When relocating your business to a new office premises, or setting up for the first time, there are many variables to consider. All too often, companies will focus solely on the price; while finances are undeniably important and must be considered, there are various other factors that could cost you heavily if neglected.

Proximity to Key Employees

Your employees are the life-blood of your business; you can sign all the contracts you want, but fail to keep key members of staff happy and you may find yourself with nobody left to fulfil your clients’ needs. A long commute will not only cost your staff members more in terms of travel, but it can also lead to stress and general demotivation, which may force them to seek alternative employment. Considering their needs as much as your own when choosing your new location could be the difference between success and failure.

Proximity to Customers

Important though they are, employees aren’t the only people to consider when deciding upon your new
location. Particularly for B2B companies which require regular, face-to-face meetings with their clients, ensuring that the location is convenient for them to travel to will do a lot to help you keep their business. While you could save money by moving out of busy city areas into more removed locations, you have to weight this up against the cost of potential lost business if clients are unwilling to travel to you. Video conferencing does help to alleviate this problem to some extent in the modern working environment, but meeting in person is far more valuable.

Potential for Expansion

It’s not only current requirements that you must bear in mind when choosing a new office space; the potential for expansion is also vital, lest you end up stuck with inadequate resources further down the line. While you may not be able to shell out extra to ensure that you have additional space available from the beginning, you may be able to negotiate a shorter lease term or add a first right of negotiation clause to your contract, allowing you to easily acquire additional space as required with minimal fuss.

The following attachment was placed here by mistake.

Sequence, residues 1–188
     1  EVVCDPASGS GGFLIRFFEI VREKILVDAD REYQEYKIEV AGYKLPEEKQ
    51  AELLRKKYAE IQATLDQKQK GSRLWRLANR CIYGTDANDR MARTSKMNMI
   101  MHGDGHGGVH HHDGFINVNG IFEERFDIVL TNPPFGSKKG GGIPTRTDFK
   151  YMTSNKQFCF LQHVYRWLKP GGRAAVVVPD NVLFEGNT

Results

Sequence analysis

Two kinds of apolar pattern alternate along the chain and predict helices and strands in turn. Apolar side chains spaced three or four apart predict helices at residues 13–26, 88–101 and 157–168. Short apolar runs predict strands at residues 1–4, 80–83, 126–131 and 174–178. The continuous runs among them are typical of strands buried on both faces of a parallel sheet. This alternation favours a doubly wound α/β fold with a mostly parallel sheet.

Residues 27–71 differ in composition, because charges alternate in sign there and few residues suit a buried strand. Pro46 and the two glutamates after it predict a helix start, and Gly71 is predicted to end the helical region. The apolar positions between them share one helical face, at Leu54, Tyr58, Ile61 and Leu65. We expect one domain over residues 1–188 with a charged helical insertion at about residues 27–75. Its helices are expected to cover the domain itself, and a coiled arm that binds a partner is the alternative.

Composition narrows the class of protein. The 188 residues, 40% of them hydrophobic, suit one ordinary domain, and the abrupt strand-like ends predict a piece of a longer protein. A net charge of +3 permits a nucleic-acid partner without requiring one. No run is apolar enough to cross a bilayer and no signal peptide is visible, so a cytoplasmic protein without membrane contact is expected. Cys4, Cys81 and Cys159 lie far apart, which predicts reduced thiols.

Parking Situation

The provision of adequate parking areas, as well as any potential cost to the company, customers or staff,
must be considered. Neither staff not client will be happy if the only option is to be ripped off at the multi-storey six blocks away, and that alone may be enough to lead to staff shortages and lost business. As such, it is recommended to look for locations with free, on-site parking. If parking space is particularly limited, it may be worth making arrangements with your workforce so as to allow clients access to more convenient spaces, thereby improving their perception of their time meeting with your company.

Public Transport Routes

While parking is certainly important, staff members and customers who do not drive can’t be neglected either. In the case of new employees, they should be aware of any travel arrangements they may have to make when they take on the job and factor that into their own plans, so this is less of an issue. For existing staff members, an inconvenient relocation may drive them away from the company. Similarly, if clients find your office unable to access without a car as public transport is limited, it may cost you their business.

Aesthetics and Architecture

Perception is highly important in business. A dirty office in a run-down building down a dark back alley doesn’t exactly scream ‘professional’, but it goes further than that. Aesthetics both interior and exterior will play a part in building your brand’s reputation in the eyes of visitors, from the colour schemes to the furniture choices to the architecture of the building itself. Adequate lighting is a must (preferably natural light), and the various benefits of a little plant life may surprise you.

Power of the Postcode

Depending upon the industry you are involved in, you may find that some postcodes are more appealing to potential customers than others. For example, those in scientific or academic industries note an improvement in company perception when based in Cambridge over other, less known regions, while financial services will be more at home in London. Factoring this into your plan from the beginning may have a larger impact than you realise.


Sam Bonson

Sam is an aspiring novelist with a passion for fantasy and crime thrillers. He is currently working as a content writer, journalist & editor in an attempt to expand his horizons.
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